Oops, forgot the link.

And microscopic!!

Oh there are so many skewed memories that I have had!

As kids, we would beg for TV dinners. Good old foil tray, heated in the oven.

I tried one for the heck of it the other day and couldn’t eat it. The chicken was some sort of vile processed cutlet that tasted like a sponge. I knew it wouldn’t be great by any means but this was downright vile.

Dill pickle chip dip has some sort of chemical taste to it.

Canned pasta tastes like somebody washed out a ketchup bottle and made it into a sauce.

I’m certain none of this stuff was ever amazing but these make me wonder how my palette ever developed to what it is now.

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It is interesting isn’t it? I think the body/palate responds to good food without training, and recognizes it instantly, even if you’ve been eating junk food all your life. I think it even responds to better food – like, if all you ever ate was white bread or white rice, your first taste of whole grains, you’ll be interested, even if it is instant brown rice and plastic-packaged soft “wheat” bread.

I have met some people who all their life eat lousy industrially produced food and are unhappy if I propose eating at a restaurant with quality food. They want a grilled cheese sandwich from the diner and a coke. But most people I know will perk up instantly at fresh food and homemade food that is nutritious and well prepared. I’ve seen people abandon the pigs-in-a-blanket and chips at an office party and eat things they’ve never tried before if it is basically good food. A lot of people overeat junk food I think because they are craving basic good food that would satisfy them.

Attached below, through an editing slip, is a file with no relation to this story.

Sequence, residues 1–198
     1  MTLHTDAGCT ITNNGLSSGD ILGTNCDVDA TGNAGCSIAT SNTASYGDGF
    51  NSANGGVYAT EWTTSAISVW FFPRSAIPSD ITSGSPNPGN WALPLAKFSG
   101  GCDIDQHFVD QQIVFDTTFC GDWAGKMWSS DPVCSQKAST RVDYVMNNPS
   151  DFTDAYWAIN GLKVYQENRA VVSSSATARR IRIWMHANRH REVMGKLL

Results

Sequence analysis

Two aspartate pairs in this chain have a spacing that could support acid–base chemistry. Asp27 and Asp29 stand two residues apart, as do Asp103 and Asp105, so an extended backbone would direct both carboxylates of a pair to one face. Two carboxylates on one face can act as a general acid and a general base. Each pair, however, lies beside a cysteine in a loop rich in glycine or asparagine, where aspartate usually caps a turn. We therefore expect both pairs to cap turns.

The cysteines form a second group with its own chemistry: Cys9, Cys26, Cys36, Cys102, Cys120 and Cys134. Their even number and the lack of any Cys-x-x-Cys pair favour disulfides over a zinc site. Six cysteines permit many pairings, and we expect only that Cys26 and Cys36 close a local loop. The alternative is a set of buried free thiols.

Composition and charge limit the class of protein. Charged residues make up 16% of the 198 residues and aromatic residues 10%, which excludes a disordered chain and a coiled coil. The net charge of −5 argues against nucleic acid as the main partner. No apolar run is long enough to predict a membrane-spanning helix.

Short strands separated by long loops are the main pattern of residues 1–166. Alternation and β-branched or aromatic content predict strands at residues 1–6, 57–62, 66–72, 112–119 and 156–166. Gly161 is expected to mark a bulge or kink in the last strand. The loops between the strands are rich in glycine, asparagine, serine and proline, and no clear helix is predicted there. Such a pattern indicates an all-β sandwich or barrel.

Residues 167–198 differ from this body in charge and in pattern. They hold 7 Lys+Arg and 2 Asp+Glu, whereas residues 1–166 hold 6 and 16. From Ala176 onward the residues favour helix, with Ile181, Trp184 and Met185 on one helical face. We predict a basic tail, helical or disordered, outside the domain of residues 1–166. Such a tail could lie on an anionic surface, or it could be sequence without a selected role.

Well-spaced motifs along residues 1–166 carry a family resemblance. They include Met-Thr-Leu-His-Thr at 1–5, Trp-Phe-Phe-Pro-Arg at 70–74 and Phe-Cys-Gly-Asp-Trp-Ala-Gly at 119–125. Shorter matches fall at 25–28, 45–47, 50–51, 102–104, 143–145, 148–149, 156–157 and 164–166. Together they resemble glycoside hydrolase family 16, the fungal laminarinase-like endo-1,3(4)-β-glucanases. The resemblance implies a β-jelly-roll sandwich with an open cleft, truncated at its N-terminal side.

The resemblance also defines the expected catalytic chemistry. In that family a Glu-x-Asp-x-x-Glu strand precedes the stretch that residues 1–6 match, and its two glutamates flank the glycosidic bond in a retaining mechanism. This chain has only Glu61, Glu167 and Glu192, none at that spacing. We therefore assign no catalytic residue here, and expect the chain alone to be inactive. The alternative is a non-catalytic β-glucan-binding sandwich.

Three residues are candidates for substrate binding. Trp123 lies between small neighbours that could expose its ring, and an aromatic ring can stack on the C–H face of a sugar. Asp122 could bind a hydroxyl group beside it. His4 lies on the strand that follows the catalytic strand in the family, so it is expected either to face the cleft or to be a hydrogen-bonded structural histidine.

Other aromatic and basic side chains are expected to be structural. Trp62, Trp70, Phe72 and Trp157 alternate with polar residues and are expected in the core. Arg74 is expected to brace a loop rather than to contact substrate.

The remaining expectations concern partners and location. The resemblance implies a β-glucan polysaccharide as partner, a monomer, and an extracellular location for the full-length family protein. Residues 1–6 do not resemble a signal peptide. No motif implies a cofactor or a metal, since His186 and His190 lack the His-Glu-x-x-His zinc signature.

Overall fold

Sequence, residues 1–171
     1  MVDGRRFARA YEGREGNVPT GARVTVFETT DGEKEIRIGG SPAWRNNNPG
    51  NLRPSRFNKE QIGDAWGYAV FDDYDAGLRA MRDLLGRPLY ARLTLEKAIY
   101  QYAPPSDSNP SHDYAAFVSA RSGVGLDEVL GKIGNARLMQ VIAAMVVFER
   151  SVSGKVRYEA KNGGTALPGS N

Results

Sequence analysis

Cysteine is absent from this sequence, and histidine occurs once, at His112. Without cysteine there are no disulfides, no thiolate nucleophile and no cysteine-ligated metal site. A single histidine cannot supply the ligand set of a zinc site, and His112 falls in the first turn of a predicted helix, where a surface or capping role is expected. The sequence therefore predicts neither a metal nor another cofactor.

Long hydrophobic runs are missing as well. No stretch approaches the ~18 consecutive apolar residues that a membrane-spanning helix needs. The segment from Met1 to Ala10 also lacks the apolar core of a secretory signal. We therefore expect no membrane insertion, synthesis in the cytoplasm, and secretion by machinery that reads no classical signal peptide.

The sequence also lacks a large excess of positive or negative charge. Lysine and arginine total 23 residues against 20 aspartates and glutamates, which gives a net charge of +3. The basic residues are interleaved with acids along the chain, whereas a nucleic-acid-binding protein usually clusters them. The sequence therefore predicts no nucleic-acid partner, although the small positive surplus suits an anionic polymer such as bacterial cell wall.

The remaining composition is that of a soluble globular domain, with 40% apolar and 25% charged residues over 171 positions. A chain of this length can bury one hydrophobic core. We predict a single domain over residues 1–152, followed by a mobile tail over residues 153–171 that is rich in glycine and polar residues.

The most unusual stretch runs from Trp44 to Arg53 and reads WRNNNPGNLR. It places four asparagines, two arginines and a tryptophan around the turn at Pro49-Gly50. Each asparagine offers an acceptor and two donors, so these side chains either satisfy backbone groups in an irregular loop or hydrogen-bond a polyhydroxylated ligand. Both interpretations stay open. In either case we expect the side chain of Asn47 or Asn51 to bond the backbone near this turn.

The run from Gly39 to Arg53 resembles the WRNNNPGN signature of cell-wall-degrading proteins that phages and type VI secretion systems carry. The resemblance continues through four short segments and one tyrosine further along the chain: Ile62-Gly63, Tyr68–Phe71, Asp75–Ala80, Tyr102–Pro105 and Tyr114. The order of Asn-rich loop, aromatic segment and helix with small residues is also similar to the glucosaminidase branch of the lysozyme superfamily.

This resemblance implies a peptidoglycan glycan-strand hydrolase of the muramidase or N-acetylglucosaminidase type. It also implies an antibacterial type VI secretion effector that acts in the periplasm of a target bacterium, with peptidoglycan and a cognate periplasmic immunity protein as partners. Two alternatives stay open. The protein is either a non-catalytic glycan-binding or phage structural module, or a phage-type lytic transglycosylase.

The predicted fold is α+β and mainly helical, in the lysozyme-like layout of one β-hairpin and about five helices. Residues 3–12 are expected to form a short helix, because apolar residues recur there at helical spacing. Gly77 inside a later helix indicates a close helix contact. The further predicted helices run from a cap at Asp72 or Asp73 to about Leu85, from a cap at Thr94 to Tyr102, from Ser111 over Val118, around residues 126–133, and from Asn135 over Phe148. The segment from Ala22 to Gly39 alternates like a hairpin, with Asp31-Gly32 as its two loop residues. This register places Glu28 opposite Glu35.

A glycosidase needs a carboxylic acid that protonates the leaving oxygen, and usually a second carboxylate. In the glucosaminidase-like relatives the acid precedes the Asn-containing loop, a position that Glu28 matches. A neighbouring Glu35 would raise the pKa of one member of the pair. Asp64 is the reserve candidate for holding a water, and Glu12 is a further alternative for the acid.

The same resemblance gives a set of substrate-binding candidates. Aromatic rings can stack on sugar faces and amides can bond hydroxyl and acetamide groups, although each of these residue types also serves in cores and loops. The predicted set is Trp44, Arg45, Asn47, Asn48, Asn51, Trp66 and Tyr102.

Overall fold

In my 20s, I used to enjoy the occasional Big Mac & fries — haven’t eaten at McDonald’s in over a decade and likely won’t… the last time I set foot into a BK on a road trip (probably just as long ago), the Whopper Jr. was so goddamn awful I’ve never had one again either.

Butterfinger. My kryptonite as a kid. Interestingly enough, I remember it being less sweet than when I had it recently, or maybe my tolerance for sweet things is just much lower these days.

I also used to love canned ravioli as a kid and can’t fathom the idea of ever putting those nasty things near my face ever again. Blech.

We have no way of knowing if the perceived differences are due to different ingredients/manufacturing processes, or natural changes in our own palates/perceptions/preferences. Furthermore, many prescription medications affect our sense of taste.


Yes, I agree. I think kids do fine with tons of sugar and super high fat dishes, and their palates don’t reject things like canned ravioli, but later we really can’t tolerate it, and it tastes bad.

But there is a lot of naturally supersweet and high fat food that even kids will respond to and prefer to the manufactured stuff if they get a chance to eat it. Like wonderfully ripe fruit fresh picked and many good cheeses. Kids will eat them ahead of commerical candy and other junk food if it’s there.

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Honghe Hani Rice Terraces, Yuanyang County, Yunnan
Credit: inkelv1122, Flickr